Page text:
IRI Data Library Hosts New Experimental Forecasts

Two new extended-range weather forecast databases are now more accessible to public and researchers

Wouldn’t it be nice to know now what the weather is going to be for the vacation you have planned next month? Or, if you’re a farmer, whether you’re going to get enough rainfall during a crucial planting time coming up in a few weeks? Weather forecasts help us make decisions about the next few days to a week, and seasonal climate forecasts give us information on the time scale of three months to a year or more. But a significant gap in scientists’ understanding has limited the ability to forecast what will happen two weeks to two months from now, also called the subseasonal scale. Scientists are starting to produce experimental subseasonal climate forecasts, exploring, for example, the prediction of conditions related to the recent hurricanes to strike the United States. Easy public access to those forecasts has been limited, until now.

Two new datasets available in the IRI Data Library allow access to 60 terabytes of climate forecasts containing predictions of rainfall, temperature, winds and other variables at the subseasonal level. Researchers can also take advantage of the computational power of the Data Library, including the ability to visualize and analyze the new data online without having to download it.

One of the datasets makes subseasonal forecasts available from 11 out of 13 of the World Meteorological Organization’s official long-range forecasting centers. This dataset, called the S2S Database, underpins the international Subseasonal to Seasonal (S2S) Prediction Project, said Andrew Robertson, who heads IRI’s climate team and is the co-chair of the S2S Project. The WMO’s World Weather and World Climate Research Programs created the project in 2013 to improve forecasts and understanding on timescales of two weeks to a season, filling the gap between daily weather and seasonal climate forecasts. WMO also wants to promote use of the forecasts for better early warning of high impact weather events such as floods and droughts, and heat and cold waves.

While the S2S Dataset is also available at two official S2S archiving centers (ECMWF and CMA), the IRI Data Library version brings a large subset of the S2S database online so that it is accessible “in the cloud” using any web browser, even on a tablet or smart phone. Researchers can also more easily assess S2S forecast accuracy using the Data Library’s extensive datasets of observed climate conditions.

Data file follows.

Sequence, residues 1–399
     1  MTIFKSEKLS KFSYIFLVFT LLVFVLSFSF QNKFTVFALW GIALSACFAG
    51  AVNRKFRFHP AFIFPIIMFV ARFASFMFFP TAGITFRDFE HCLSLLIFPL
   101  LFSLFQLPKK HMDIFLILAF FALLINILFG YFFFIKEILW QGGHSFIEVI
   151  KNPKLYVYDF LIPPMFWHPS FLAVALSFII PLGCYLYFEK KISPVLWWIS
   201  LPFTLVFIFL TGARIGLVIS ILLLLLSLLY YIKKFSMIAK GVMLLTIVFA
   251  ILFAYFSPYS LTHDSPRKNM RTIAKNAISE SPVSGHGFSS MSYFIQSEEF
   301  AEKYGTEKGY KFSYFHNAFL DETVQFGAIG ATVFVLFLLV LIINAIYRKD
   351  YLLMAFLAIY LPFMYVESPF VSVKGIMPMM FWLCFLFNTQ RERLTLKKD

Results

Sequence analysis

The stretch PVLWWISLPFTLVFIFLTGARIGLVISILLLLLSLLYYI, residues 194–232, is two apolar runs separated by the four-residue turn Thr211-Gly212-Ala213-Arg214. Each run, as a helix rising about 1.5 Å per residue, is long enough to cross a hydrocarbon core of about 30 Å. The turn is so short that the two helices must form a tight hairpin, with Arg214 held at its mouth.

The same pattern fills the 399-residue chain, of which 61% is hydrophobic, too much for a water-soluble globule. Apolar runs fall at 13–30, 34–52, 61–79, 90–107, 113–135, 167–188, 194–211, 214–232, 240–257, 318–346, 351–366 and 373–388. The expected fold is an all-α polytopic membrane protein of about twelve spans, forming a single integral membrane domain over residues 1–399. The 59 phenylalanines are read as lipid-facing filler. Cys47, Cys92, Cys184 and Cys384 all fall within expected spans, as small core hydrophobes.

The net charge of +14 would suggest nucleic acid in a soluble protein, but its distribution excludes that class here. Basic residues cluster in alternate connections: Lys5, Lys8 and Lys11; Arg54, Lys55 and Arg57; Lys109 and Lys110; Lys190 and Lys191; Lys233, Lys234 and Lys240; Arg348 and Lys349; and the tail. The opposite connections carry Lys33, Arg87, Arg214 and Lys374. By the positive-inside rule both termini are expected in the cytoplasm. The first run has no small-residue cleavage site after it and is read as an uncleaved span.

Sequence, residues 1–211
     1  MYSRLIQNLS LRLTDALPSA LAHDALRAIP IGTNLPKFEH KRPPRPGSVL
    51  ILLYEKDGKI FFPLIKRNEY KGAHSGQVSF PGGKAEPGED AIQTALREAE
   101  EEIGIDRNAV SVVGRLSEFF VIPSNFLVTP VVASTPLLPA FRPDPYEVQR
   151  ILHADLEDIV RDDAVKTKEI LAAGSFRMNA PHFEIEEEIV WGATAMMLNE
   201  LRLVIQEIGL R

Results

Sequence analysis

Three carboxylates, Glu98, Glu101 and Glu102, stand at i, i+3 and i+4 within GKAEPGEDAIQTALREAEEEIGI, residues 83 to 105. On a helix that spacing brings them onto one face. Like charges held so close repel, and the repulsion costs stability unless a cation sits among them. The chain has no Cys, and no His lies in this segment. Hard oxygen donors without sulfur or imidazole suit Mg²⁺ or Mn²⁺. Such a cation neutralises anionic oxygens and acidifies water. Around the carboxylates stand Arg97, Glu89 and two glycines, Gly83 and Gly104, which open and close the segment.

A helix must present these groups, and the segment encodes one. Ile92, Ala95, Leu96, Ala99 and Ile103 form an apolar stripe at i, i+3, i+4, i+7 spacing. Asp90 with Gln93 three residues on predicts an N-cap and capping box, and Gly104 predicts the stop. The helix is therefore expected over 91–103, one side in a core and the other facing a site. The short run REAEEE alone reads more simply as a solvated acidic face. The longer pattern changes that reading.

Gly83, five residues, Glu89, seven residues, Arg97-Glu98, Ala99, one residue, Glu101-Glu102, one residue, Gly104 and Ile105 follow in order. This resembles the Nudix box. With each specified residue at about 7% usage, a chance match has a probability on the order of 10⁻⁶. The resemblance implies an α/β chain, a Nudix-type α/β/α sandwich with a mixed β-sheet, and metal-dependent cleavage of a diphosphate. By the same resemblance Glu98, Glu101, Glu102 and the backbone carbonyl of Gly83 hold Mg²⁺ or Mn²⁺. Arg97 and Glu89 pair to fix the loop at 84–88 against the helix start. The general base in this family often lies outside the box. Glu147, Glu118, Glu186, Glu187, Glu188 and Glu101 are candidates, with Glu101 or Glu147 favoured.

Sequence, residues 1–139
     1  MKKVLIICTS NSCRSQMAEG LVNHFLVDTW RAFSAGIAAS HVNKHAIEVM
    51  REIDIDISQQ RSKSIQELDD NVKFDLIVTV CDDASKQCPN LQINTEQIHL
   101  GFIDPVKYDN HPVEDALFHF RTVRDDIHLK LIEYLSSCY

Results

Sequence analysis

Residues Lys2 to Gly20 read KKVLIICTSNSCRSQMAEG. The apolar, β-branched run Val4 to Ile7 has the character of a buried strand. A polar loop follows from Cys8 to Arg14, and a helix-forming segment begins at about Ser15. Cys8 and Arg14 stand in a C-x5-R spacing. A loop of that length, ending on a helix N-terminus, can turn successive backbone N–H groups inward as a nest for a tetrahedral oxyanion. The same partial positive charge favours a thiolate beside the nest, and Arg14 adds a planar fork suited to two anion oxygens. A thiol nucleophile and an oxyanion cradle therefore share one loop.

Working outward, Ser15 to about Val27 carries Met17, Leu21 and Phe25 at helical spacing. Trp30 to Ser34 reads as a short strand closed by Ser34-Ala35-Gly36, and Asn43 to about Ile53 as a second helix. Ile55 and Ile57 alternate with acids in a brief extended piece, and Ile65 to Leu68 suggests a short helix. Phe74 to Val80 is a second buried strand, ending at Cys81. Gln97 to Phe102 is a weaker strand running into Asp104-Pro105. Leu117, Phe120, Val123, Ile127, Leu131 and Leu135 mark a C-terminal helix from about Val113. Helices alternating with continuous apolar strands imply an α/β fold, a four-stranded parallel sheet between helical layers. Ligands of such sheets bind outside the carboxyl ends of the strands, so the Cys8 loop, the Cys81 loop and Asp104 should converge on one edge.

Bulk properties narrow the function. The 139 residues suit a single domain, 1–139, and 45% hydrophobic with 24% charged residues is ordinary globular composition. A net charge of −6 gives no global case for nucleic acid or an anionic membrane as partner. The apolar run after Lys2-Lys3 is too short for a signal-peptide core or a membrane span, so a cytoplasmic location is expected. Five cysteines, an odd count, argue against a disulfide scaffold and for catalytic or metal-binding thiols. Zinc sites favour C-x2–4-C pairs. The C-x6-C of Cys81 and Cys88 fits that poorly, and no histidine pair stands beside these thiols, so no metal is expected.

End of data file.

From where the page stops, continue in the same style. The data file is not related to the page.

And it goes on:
The set of figures on the left show precipitation forecasts in the four weeks leading up to a heavy rainfall event that happened in southern Asia in the week of July 6-12, 2015. The map on the right shows the rainfall observed during that same event. The forecast maps show weekly precipitation anomalies (in mm/day), starting with a forecast four weeks ahead of the event (June 15 – Week 4), and continuing with forecasts on June 22 (Week 3), June 29 (Week 2) and July 6 (Week 1). The observed rainfall from July 6-12, 2015, uses the same scale of weekly anomalies for easy comparison. Observed rainfall comes from CHIRPS data, and the forecasts use ECMWF ensemble mean.

“The functionality that the Data Library adds will be particularly relevant for researchers who are working on how subseasonal forecasting data might be used in applications for public health, water resources, agriculture, disaster risk reduction and more,” said Robertson. The coding and data skills required for accessing S2S data from other centers is not a problem for many climate science researchers, such as those doing predictability research or studying model errors. But for those with more of an eye toward applying the forecasts, the process of obtaining the most appropriate data can be unwieldy.

Perhaps most importantly, the IRI Data Library allows users to visualize the S2S data before downloading it. For some, said Robertson, viewing the data – such as weekly averages of forecasted daily rainfall during a past flood event – may be all that’s needed. Others are likely to find it useful for exploratory analysis before downloading.

“We want to expand the ability of the user community who may be in interested in developing forecast products,” said Robertson. “The S2S Project is primarily a research project, but it also seeks to demonstrate the potential for significant socio-economic value of forecasts, to develop new tools and to lay the groundwork for future climate services. This dataset is an important first step.”

Significant for applications development, the IRI Data Library allows virtual “Maprooms” to be created using the S2S data. A Maproom – a platform that starts with a map as the entry point for accessing a range of climate information and analyses – can be adapted to specific user groups and expressed in terms relevant to their decision making.